Mountain lion sighted on Mount Sentinel
Runners and people walking their dogs noticed they had company on the south end of Mount Sentinel. On Sunday afternoon a mountain lion appeared near the "MoZ" trail near the entrance to Pattee Canyon.
After a brief stare-down, both humans and lion went their separate ways.
This was not the first time that a lion has been hanging around the UM golf course. Management says deer carcasses are found on the course every year.
On the other side of Maurice Avenue, property owner Marianne Forrest says she has seen deer kills several times -- with signs that the attacker was a lion.
This sighting comes less than a month after a slew of sightings in mid-October prompted Missoula County Public Schools to urge parents to walk their children to the bus stop in the South Hills. Another sighting in September prompted a similar alert.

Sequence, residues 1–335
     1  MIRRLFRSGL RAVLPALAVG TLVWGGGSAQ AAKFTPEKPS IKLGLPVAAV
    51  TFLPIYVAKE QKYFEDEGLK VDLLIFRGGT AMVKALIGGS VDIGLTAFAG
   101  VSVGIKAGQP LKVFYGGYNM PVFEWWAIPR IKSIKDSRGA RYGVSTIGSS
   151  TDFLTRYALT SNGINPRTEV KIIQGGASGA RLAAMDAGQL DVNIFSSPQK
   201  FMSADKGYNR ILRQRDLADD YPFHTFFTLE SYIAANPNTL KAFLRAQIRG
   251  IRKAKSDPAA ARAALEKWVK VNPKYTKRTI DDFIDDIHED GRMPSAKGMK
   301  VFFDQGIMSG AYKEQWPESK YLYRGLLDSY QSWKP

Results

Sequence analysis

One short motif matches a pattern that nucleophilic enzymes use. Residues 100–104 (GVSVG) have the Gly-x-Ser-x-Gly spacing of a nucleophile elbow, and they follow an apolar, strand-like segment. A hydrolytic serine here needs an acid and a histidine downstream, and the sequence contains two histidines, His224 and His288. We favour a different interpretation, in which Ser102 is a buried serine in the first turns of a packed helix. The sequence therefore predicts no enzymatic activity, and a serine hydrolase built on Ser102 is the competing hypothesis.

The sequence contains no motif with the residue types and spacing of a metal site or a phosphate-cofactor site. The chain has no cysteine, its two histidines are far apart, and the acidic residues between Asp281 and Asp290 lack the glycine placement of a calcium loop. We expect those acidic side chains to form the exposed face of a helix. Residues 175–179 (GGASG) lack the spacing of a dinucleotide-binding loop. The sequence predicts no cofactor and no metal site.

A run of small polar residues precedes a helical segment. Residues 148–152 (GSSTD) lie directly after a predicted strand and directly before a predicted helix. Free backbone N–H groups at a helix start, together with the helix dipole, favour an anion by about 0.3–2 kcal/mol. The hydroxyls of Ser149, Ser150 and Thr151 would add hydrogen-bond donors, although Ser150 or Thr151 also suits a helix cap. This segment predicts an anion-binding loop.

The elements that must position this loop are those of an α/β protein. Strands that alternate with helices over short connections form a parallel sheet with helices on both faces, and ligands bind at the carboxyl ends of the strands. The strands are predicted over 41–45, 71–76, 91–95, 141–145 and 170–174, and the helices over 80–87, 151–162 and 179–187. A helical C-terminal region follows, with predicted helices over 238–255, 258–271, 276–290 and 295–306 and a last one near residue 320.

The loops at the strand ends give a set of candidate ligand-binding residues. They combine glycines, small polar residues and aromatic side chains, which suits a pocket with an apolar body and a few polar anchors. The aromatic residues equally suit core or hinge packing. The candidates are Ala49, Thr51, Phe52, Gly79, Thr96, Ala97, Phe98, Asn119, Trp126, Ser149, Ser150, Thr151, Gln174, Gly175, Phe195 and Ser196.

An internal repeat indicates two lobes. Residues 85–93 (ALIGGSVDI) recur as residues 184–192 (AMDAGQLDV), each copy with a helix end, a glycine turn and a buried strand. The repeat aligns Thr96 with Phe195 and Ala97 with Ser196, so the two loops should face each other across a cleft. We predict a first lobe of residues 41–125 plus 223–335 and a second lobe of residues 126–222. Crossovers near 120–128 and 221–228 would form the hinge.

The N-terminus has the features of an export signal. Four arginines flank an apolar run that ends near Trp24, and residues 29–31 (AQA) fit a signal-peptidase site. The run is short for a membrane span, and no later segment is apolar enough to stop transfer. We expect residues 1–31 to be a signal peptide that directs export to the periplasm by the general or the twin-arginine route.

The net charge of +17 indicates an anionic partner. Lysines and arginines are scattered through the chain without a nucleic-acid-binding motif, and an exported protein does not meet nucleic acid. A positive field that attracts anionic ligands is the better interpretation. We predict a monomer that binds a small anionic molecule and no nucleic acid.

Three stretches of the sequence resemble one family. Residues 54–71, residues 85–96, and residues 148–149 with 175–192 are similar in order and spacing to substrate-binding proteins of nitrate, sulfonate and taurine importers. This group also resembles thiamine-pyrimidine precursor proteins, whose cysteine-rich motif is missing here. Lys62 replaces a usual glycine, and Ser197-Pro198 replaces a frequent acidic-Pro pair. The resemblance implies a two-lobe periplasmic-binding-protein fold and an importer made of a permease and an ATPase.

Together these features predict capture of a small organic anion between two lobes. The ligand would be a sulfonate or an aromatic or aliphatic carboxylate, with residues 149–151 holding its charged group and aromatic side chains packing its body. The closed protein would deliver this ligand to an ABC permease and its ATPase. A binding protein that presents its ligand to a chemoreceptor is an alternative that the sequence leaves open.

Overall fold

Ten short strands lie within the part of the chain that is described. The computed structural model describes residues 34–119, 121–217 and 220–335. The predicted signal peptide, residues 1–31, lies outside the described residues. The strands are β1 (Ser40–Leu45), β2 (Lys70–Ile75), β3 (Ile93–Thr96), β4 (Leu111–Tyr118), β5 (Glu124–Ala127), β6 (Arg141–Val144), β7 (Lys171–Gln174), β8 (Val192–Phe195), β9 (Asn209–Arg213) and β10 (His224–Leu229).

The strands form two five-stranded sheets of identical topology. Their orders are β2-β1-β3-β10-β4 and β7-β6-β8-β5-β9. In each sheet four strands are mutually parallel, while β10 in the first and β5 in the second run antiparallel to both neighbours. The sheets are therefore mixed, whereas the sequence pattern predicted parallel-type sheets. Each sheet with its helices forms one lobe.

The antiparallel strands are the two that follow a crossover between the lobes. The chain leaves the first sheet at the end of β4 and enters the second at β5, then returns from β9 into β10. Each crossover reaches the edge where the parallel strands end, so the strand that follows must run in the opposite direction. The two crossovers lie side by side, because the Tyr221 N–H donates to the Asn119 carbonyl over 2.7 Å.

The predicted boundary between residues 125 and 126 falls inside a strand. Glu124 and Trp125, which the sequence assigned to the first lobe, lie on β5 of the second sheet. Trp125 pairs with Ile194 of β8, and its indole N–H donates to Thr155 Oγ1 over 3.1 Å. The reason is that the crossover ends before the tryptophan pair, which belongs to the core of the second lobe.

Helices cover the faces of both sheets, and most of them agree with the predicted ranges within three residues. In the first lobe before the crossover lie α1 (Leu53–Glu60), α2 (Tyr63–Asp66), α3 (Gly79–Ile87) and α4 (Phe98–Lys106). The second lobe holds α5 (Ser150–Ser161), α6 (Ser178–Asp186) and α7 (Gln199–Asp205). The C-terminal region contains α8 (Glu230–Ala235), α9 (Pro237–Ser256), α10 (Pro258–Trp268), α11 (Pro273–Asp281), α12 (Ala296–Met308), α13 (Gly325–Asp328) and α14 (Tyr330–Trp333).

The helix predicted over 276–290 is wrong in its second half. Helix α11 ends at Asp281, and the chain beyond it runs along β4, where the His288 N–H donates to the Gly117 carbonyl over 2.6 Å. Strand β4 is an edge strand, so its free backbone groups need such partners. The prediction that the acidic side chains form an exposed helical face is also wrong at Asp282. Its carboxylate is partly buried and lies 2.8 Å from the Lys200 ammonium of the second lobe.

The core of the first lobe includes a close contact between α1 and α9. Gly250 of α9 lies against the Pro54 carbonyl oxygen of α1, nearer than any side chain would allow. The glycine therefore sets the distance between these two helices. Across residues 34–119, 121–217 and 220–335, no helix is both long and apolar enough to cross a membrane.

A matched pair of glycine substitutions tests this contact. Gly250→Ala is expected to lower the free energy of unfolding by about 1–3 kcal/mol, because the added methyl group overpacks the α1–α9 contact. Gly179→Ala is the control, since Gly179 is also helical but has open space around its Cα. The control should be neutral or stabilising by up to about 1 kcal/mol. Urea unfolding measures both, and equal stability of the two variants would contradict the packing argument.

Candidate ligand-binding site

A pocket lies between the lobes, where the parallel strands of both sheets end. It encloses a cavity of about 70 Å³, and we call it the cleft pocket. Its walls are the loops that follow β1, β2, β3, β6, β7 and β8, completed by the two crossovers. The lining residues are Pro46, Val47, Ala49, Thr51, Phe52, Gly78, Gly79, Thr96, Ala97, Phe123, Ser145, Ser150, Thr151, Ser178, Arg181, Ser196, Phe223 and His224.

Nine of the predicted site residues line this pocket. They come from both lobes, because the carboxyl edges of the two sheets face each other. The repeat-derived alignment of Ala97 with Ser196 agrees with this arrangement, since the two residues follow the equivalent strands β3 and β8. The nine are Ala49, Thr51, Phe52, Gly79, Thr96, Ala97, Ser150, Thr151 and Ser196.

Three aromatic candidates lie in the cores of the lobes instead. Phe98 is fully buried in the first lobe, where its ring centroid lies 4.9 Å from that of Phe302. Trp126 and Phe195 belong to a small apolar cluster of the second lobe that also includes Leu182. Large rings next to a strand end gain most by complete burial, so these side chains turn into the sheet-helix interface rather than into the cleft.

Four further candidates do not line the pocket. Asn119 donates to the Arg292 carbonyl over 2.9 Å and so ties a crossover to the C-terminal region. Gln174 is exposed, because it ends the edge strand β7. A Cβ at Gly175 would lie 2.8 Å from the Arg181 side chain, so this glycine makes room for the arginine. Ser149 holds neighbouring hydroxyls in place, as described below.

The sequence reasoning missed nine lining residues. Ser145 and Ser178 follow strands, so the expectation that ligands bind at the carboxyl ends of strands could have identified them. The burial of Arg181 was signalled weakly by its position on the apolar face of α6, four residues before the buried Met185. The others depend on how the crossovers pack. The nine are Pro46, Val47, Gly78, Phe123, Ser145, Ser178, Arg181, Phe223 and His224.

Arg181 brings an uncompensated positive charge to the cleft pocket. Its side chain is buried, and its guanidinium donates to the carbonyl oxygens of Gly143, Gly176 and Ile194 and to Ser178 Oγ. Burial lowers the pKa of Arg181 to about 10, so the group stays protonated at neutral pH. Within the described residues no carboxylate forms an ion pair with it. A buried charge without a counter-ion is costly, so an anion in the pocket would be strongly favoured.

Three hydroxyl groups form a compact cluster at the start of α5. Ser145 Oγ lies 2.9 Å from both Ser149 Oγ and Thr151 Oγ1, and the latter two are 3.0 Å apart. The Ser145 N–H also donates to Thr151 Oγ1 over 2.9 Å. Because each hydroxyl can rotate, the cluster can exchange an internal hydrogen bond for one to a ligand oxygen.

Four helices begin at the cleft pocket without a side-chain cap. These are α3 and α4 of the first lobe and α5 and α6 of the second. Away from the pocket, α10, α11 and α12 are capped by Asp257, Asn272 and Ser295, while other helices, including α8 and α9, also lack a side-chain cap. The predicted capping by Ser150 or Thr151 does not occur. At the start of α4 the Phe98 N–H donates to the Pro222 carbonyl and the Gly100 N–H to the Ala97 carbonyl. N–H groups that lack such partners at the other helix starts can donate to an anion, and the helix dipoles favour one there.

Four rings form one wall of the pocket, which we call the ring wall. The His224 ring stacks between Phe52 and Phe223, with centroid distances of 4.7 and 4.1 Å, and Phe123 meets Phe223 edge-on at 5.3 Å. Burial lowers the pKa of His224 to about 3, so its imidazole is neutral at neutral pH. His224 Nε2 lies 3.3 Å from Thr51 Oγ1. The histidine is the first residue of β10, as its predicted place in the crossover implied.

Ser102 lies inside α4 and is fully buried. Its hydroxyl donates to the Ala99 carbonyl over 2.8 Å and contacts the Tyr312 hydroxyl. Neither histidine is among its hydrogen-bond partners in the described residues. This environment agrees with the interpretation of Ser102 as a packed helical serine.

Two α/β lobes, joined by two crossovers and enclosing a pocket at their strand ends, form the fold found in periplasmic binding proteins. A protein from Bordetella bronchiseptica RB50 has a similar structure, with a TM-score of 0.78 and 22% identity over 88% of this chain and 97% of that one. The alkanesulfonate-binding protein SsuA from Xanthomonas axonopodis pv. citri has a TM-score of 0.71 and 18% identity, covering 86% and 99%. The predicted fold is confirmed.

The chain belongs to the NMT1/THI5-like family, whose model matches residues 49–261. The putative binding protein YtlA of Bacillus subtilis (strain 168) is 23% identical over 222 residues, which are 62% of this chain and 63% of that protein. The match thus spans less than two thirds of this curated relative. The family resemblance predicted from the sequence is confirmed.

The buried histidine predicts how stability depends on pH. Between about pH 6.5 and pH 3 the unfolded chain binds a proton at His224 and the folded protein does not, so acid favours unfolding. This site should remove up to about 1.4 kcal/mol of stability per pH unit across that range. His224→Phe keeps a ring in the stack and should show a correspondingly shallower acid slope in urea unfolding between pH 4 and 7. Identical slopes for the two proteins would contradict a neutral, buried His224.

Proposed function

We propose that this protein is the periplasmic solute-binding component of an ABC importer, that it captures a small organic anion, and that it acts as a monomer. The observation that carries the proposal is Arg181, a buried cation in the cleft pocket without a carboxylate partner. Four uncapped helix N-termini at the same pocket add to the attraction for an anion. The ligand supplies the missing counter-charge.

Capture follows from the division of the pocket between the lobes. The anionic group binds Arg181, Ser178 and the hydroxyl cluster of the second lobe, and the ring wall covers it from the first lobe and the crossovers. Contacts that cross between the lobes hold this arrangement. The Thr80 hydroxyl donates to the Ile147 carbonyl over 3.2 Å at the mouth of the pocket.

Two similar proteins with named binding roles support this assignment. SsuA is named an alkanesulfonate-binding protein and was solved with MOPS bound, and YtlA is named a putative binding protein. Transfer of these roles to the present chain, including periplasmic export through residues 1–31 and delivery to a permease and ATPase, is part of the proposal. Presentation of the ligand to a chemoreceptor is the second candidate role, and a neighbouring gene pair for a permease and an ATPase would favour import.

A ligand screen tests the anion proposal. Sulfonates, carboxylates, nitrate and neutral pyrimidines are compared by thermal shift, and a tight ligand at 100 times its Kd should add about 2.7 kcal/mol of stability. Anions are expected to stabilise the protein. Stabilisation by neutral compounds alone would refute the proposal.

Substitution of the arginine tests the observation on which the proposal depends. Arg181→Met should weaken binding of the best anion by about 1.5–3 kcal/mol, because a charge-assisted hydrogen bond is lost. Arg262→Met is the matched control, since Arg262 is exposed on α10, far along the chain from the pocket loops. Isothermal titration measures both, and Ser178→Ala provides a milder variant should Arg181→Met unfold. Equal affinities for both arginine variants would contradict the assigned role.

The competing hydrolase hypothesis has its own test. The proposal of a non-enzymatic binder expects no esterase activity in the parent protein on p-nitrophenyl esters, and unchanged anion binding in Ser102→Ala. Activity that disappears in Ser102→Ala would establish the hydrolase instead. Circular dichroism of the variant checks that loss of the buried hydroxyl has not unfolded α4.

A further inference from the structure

What you notice right away when you're near the site where the lion was spotted is the amount of deer in the area. At the line between wilderness and city limits, mountain lion appearances highlight the urban deer issue. While close proximity to wild places means predator encroachment will always occur, the deer population makes such occurrences more likely.
Urban deer not only attract mountain lions and other predators, they pose a driving hazard and damage landscaping. Whitetail deer can become highly territorial, putting them in conflict with their human neighbors.
Incidents between humans and deer resulted in an aggressive deer management plan being put into place in Helena in 2008. With oversight by Montana Fish, Wildlife, and Parks, the Helena Police Department captures and euthanizes urban deer. The meat is taken to local food banks. The plan aims to keep the population to around 380 deer inside the city limits; or about 25 deer per square mile.
In Missoula, management plans have been nothing but talk. City Councilman Jon Wilkins states that the city needs help to food the bill for such a plan. FWP doesn't even know how many deer are inside the city limits.
In order for any plan to move forward, Montana law states the city must take the lead on developing a plan and have it approved by FWP. Wilkins feels that there is little public interest in such a plan at this time.